The state lawmaker who replaced former Rep. Gabrielle Giffords (D-Ariz.) in the Arizona Legislature will launch a bid for Giffords's seat in the fall.

Democrat Paula Aboud was appointed to the Arizona state Senate in 2006 when Giffords resigned to run for the U.S. House, and was later elected to the seat in her own right. She serves as the minority whip.

Aboud, an educator and property manager, will announce her plans to run for the House on Monday in a tele-town hall with supporters, The Hill has learned. Aboud won't be running to replace Giffords directly, but in the race for the new term that starts when Giffords would have been up for reelection.

When Giffords stepped down from the House in January to focus on her recovery from an assassination attempt one year earlier, it triggered two full election cycles before the end of the year. The first is an April primary and a June special election to pick a candidate to finish Giffords's term. Those contests will be followed by another primary in August and a general election in November for the full term that starts in January 2013.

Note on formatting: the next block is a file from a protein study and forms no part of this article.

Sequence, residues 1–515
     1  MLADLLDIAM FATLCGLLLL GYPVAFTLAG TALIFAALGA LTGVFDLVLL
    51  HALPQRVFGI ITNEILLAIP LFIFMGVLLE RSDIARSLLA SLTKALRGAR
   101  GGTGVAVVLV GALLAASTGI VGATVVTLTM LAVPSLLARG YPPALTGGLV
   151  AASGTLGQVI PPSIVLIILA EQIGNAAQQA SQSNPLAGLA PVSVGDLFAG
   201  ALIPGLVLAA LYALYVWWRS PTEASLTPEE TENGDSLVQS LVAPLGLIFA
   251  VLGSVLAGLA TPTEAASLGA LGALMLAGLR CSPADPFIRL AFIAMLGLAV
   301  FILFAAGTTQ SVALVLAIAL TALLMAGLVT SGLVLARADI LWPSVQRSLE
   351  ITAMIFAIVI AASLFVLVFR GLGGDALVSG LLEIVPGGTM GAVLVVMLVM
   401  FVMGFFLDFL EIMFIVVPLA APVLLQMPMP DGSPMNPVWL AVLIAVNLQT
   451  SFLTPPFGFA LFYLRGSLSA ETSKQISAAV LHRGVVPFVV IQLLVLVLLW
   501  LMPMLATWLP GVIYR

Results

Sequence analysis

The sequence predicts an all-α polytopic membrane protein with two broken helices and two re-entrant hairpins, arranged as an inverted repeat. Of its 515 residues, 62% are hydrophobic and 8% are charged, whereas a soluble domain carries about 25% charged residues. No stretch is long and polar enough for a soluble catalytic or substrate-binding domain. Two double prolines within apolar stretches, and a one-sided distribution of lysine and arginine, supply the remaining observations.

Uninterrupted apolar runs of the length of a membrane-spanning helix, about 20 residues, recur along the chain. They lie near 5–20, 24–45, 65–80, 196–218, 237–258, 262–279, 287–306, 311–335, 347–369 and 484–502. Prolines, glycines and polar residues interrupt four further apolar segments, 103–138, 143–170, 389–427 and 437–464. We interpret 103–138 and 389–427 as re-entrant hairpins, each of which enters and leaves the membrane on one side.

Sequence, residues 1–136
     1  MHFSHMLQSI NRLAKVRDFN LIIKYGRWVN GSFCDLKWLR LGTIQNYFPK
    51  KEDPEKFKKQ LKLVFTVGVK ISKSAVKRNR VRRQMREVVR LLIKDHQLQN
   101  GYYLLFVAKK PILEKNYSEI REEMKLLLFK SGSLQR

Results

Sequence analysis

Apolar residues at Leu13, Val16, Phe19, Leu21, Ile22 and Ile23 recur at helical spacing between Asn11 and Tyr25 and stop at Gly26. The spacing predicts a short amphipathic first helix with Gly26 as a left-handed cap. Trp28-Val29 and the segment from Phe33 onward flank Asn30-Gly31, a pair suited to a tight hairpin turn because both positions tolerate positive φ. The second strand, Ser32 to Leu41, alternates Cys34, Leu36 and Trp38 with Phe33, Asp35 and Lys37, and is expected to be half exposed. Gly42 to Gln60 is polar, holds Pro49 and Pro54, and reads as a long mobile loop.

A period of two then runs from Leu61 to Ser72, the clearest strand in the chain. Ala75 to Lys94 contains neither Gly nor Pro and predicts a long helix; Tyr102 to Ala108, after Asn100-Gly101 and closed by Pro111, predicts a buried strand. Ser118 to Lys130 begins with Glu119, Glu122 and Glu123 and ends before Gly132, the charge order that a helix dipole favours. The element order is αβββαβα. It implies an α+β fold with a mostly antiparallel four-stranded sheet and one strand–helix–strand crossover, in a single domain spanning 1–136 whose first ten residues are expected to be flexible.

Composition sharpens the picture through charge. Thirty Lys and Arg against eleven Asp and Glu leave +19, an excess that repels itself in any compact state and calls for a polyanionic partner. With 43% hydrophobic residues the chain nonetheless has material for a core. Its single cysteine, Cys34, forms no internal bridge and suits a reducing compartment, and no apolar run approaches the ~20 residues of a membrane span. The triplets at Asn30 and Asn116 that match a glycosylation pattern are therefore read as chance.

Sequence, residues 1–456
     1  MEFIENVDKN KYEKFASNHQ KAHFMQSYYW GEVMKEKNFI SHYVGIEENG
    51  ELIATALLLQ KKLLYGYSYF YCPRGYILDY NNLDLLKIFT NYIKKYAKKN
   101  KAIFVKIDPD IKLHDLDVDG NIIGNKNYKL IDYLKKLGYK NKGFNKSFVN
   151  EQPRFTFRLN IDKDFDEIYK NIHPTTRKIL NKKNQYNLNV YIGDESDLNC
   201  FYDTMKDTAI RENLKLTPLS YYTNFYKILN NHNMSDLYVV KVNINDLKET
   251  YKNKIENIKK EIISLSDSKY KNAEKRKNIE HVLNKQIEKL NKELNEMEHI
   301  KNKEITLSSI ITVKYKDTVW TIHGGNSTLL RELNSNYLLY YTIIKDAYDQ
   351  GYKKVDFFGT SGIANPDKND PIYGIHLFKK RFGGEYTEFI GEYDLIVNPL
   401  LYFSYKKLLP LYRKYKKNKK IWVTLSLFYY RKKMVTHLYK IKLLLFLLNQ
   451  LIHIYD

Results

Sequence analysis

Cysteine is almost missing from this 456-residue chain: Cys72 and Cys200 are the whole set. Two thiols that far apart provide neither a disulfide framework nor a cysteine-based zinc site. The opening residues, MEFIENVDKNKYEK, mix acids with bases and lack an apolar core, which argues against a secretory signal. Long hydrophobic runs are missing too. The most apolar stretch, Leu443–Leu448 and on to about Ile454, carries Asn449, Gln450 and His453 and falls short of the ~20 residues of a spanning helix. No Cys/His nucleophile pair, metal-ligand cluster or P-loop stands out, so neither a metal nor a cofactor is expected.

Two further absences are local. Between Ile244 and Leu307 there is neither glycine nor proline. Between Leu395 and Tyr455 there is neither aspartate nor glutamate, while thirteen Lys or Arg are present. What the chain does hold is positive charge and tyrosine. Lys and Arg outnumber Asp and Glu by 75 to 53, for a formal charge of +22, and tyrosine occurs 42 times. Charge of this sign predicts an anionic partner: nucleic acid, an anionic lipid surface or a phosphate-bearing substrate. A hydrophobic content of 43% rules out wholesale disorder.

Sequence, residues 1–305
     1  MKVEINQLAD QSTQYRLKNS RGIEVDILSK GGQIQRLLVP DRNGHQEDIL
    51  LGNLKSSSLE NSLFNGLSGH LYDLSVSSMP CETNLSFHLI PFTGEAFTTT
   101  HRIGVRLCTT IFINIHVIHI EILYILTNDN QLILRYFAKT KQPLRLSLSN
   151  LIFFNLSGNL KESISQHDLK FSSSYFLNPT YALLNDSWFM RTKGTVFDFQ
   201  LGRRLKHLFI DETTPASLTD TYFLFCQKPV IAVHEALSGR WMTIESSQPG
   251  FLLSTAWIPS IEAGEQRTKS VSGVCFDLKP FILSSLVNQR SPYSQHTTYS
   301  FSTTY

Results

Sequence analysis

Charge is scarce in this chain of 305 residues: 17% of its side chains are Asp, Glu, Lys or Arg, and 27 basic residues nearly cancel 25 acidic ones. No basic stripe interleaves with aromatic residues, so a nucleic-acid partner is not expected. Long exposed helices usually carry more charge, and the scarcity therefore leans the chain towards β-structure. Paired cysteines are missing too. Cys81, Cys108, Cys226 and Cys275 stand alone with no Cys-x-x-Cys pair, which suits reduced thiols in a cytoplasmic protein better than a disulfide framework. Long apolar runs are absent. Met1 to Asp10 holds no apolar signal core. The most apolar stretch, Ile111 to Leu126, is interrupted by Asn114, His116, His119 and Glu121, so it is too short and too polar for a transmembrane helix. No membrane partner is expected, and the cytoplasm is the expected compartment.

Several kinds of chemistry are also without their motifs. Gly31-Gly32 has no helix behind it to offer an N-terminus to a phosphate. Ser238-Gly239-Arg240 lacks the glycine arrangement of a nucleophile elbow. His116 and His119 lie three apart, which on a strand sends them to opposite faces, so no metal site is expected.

In between those two elections, the new congressional map kicks in and the district numbers change.

Aboud had been discussed as a possible candidate to finish Giffords's term, but that prospect was dampened last week when Giffords's former district director, Ron BarberRonald (Ron) Sylvester BarberKavanaugh nomination a make or break moment to repeal Citizens United Latina Leaders to Watch 2018 Principles and actions mean more than Jeff Flake’s words MORE, entered the race. Barber, who was shot twice in the shooting spree that also injured Giffords, has been endorsed by Giffords, her husband and other Arizona Democrats. 

Even one local Republican — Tucson City Councilman Steve Kozachik — has endorsed Barber, the Arizona Daily Star reported.

Democrat Matt Heinz, a physician, dropped out of the race and endorsed Barber as soon as he announced he would run. But Heinz is expected to run for the seat in the general election if Barber decides against pursuing a full term in the House.

That could lead to an interesting primary in August; both Heinz and Aboud are openly gay Democrats who have served together in the Legislature.

Barber told reporters on Thursday that it was too early to decide whether he would run again in the fall, but that he would be making a decision in the near future.

- This post was updated at 3:52 p.m.